Superior Court judge rules county must pay defense attorneys more than $80K in jail access case
A Nevada County judge has ruled that the county must pay two defense attorneys more than $82,000 for their role in a jail access case that lasted two years and went to the state appellate court.
The legal battle that began in early 2013 came to a conclusion in July, with the state Supreme Court handing defense counsel a victory over Nevada County.
The attorneys then filed a motion to be awarded attorney fees; Superior Court Judge Tom Anderson heard argument from both parties but had taken the matter under submission.
On Friday, Anderson issued a ruling that called the county’s policies “wrong-headed,” and that awarded Nevada City-based attorneys Jennifer Granger and Stephen Munkelt a total of $82,680.
“We are, of course, very pleased the court recognized the value of the services we provided, not to just to (our) individual clients, but to the whole statewide community,” Munkelt said. “By doing that the court is encouraging others to take on the cause of fighting injustice or mismanagement that may happen in the future.”
The county could appeal the ruling; assistant county counsel Amanda Uhrhammer declined to comment Tuesday, saying her office had just received the ruling and was evaluating it.
The fight over what constitutes a “contact visit” began in early 2013, when Wayne Brown Correctional Facility began limiting attorney-client visits to a room where they are separated by a glass partition — in what was called a “radical deviation” from past practice.
Five local criminal defense attorneys including Granger and Munkelt filed a motion to force the Nevada County Sheriff’s Office to allow contact visits at the county jail, arguing it was violating a basic Sixth Amendment right — the right to counsel. The Sheriff’s Office and its jail staff argued the restriction was allowed due to legitimate security issues, but Anderson ruled the court had jurisdiction over the issue and upheld inmates’ rights to contact visits.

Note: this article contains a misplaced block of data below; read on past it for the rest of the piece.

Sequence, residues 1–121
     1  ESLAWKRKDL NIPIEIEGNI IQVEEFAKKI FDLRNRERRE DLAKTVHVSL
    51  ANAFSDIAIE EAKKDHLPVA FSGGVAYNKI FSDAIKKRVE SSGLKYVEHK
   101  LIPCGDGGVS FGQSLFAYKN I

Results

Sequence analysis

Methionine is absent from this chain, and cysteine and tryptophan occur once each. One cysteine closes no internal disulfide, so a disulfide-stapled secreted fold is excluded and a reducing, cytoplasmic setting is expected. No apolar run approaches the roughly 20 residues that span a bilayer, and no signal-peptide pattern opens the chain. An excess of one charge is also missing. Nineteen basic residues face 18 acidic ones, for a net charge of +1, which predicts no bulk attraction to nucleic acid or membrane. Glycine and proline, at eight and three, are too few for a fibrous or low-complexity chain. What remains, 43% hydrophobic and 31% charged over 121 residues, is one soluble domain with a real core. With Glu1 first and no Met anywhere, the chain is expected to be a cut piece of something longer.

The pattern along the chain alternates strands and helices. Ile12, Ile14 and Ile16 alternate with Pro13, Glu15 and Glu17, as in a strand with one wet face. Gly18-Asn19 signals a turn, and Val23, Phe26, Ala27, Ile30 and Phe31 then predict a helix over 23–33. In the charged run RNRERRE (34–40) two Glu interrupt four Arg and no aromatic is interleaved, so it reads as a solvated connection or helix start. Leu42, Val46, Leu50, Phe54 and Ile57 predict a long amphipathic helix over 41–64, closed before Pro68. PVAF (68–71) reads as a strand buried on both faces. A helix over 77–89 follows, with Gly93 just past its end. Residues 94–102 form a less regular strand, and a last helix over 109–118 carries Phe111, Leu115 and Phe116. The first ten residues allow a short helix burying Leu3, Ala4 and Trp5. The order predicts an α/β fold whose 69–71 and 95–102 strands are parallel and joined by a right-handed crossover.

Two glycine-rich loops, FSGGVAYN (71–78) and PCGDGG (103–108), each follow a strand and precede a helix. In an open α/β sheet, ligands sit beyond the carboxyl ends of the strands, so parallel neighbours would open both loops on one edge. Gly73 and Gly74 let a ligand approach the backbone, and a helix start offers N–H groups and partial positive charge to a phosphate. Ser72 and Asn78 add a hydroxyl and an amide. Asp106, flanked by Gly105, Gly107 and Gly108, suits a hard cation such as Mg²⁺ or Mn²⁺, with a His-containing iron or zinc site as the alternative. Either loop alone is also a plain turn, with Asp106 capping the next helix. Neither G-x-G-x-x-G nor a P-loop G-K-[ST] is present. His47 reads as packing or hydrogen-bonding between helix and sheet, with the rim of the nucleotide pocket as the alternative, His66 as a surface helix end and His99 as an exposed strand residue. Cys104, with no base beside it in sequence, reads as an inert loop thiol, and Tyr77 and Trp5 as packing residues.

A detainee has the right to meet with counsel in a barrier-free room unless there is a specific justification for a limitation, Anderson wrote in his ruling, adding that the evidence supported the importance of “unfettered” contact.
Anderson ordered that contact visits be made available absent any specific circumstances; that ruling was placed on hold for nearly 18 months after the Third District Court of Appeal granted a stay order. The appellate court ruled against the Nevada County Sheriff’s Office in April of this year, subsequently granting a request to publish its opinion so that it could be used as a legal precedent statewide.
Munkelt and Granger then filed a motion for award of attorney fees, arguing that while they were paid as indigent counsel (at $70 an hour) to represent their clients during criminal proceedings, they were not paid to litigate the jail access issue.
Munkelt argued that a fair market rate would be based on what would be charged by a civil rights attorney in the Sacramento region — and that those figures should be adjusted even higher due to the difficulty of the case and the burden it placed on the attorneys, among other factors.
The requested payment for services provided in Superior Court, as well as in the Court of Appeal, totaled $41,400 for Granger and $107,985 for Munkelt.
The attorney for Nevada County, Deborah Pernice Knefel, said in her opposition that the amounts requested were “unconscionable,” and suggesting a more appropriate award would be $11,775 to Granger and $29,400 to Munkelt.
In the ruling issued Friday, Anderson wrote that the attorneys “vindicated an important right, as endorsed by the Court of Appeal, that this litigation was necessary to enforce a fundamental right of in-custody defendants” and therefore conferred a significant public benefit as well.
Anderson ruled that Munkelt and Granger should be paid at their standard billable rate for local court matters, but that they could bill at the higher regional rate for the appellate court process.
He also ruled they could apply a multiplier because it is meant to “entice competent counsel to undertake difficult public interest cases.” Anderson said that in this instance, such a multiplier was appropriate because the Sheriff’s Office “inappropriately” precluded access, and because the defense attorneys “overcame intransigent opposition” and achieved favorable results.
Based on those factors, Anderson ordered the county to pay Granger $22,275, with $60,405 for Munkelt.
The county must also, of course, pay its outside counsel for its work on the case; the Nevada County Board of Supervisors had approved a $100,000 figure earlier this year, which would not include the time spent by county counsel in local court.
To contact City Editor Liz Kellar, email email@example.com or call 530-477-4229.
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